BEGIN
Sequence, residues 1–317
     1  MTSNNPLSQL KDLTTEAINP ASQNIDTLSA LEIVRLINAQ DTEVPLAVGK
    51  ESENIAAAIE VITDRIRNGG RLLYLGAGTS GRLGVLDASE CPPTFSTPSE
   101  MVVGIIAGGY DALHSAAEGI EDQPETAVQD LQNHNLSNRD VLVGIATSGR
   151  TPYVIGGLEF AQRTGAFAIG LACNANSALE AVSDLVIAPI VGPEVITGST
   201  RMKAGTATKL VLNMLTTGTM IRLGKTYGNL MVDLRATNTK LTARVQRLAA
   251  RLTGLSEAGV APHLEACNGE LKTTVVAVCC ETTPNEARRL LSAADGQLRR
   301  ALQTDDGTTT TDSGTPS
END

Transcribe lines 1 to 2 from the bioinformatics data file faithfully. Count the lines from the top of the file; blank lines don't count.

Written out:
Sequence, residues 1–317
     1  MTSNNPLSQL KDLTTEAINP ASQNIDTLSA LEIVRLINAQ DTEVPLAVGK